Obama Approves New Team to Question Terror Suspects

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President Barack Obama has approved creation of a new, special terrorism-era interrogation unit to be supervised by the White House, a top aide said Monday. Video by AP

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By Anne E. Kornblut
Washington Post Staff Writer
Monday, August 24, 2009; 11:31 AM

President Obama has approved the creation of an elite team of interrogators to question key terrorism suspects, part of a broader effort to revamp U.S. policy on detention and interrogation, senior administration officials said Sunday.

Obama signed off late last week on the unit, named the High-Value Detainee Interrogation Group, or HIG. On Monday, White House spokesman Bill Burton confirmed that the high-value interrogation unit will be based at the FBI and will operate "consistent with the army field manual" which provides guidelines for questioners.

Made up of experts from several intelligence and law enforcement agencies, the interrogation unit will be will be overseen by the National Security Council -- shifting the center of gravity away from the CIA and giving the White House direct oversight.

Burton said the decision to place the unit in the FBI does not put the CIA out of the business of questioning terrorists. He said the agency would still have a seat at the table as the interrogations move forward.

"The CIA obviously has a very important role to play," Burton said during a briefing conducted on Martha's Vineyard, where Obama is vacationing. He said the new unit "houses all these different elements under one roof where they can best perform their duties."

Seeking to signal a clean break from the Bush administration, Obama moved to overhaul interrogation and detention guidelines soon after taking office, including the creation of a task force on interrogation and transfer policies.

The task force recommended the new interrogation unit, along with other changes regarding the way prisoners are transferred overseas. Its findings are expected to be made public on Monday.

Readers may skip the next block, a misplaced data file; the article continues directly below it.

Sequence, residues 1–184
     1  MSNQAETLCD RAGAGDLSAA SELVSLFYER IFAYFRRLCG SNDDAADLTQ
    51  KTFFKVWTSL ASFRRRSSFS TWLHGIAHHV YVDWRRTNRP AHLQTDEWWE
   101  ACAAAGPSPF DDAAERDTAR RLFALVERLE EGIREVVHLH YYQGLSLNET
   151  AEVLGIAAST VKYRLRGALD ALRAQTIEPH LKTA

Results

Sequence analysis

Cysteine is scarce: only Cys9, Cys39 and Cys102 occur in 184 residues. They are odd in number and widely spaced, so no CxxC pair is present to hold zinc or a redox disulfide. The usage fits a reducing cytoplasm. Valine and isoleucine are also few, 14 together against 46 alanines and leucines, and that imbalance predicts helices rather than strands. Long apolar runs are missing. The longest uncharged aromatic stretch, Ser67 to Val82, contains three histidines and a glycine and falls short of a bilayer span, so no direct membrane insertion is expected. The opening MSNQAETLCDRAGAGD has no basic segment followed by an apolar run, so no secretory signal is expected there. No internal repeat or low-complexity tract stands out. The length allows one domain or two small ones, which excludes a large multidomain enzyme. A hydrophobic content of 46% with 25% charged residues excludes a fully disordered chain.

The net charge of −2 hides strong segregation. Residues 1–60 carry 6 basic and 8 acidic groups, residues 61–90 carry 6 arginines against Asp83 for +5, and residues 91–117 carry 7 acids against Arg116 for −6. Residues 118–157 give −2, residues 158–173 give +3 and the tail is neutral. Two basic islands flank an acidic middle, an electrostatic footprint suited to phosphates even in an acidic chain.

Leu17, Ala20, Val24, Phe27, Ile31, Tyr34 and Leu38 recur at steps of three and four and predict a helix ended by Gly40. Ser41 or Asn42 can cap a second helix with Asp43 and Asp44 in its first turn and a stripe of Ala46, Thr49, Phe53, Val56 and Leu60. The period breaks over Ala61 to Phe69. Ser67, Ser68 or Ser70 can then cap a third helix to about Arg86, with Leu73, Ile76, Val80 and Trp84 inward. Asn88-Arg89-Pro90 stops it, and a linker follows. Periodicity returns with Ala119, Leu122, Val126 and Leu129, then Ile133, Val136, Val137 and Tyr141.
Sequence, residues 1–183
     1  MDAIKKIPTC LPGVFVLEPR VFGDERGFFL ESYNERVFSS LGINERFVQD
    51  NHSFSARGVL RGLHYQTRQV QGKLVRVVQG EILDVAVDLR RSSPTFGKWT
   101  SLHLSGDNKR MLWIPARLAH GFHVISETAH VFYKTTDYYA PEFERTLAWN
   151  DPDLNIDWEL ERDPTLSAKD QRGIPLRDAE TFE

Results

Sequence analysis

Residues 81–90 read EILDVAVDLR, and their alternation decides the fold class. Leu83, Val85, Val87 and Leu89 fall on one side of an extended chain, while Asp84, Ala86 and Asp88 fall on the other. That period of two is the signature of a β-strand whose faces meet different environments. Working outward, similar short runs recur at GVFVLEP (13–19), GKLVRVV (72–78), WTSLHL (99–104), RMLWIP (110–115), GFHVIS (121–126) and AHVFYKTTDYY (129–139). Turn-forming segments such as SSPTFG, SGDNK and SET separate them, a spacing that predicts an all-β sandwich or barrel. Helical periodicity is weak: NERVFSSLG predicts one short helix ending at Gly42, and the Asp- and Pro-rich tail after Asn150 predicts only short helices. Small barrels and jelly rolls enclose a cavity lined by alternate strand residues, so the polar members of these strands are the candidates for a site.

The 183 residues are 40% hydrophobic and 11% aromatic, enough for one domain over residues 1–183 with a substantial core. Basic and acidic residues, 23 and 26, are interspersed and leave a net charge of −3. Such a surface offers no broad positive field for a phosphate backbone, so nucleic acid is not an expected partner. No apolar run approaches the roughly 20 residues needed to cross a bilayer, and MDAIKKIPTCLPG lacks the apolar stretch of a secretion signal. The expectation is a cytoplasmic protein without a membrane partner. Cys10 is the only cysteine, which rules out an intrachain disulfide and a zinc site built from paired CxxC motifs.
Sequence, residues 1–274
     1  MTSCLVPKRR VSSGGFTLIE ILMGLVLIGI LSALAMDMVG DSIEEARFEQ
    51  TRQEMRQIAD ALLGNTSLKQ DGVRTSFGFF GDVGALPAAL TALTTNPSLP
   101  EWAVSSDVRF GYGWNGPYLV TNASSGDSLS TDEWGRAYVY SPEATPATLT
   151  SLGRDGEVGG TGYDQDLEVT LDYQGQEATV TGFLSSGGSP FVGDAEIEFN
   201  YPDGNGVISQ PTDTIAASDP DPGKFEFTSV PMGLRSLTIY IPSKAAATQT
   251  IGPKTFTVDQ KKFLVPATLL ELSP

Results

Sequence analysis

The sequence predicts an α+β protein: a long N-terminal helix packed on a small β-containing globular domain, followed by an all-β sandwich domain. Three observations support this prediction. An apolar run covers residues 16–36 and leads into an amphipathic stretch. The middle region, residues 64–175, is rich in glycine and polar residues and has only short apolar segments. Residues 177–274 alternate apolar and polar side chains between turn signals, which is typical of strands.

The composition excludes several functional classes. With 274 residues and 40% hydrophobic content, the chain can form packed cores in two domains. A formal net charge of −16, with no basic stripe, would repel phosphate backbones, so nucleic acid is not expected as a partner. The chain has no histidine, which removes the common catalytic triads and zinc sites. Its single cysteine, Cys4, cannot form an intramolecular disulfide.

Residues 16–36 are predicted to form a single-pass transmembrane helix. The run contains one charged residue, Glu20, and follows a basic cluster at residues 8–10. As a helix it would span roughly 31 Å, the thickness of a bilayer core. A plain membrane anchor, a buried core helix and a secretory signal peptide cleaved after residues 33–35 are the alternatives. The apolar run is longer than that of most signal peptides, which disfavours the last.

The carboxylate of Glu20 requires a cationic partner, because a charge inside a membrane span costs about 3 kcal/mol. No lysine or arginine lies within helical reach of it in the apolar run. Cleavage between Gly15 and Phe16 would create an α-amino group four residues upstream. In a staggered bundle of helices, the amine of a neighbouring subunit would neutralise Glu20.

A separate task force on detainees, which will determine the fate of prisoners at Guantanamo Bay, Cuba, and future regulations about the duration and location of detentions of suspected terrorists, has not concluded its work.

Also on Monday, a government official confirmed a separate report in the New York Times that Justice Department ethics investigators had recommended that Attorney General Eric H. Holder Jr. reopen investigation of several cases alleging abuse by CIA employees and contractors. Many of the cases had been considered by federal prosecutors in Virginia, who ultimately declined to seek grand jury indictments because of difficulties with witnesses and evidence.

The report on investigating abuse cases, written by the department's Office of Professional Responsibility, is undergoing declassification review and its release is not imminent, the official said, speaking on condition of anonymity because of the sensitivity of the matter.

The recommendation about reopening a small number of cases is only a small portion of the report's findings.

As previously reported, the OPR report also will recommend that at least two Bush administration lawyers, Jay S. Bybee and John C. Yoo, face further investigation by state legal disciplinary authorities. Such a probe would not expose them to criminal sanctions for their work in developing memos that supported such harsh interrogation techniques as waterboarding and wall slamming.


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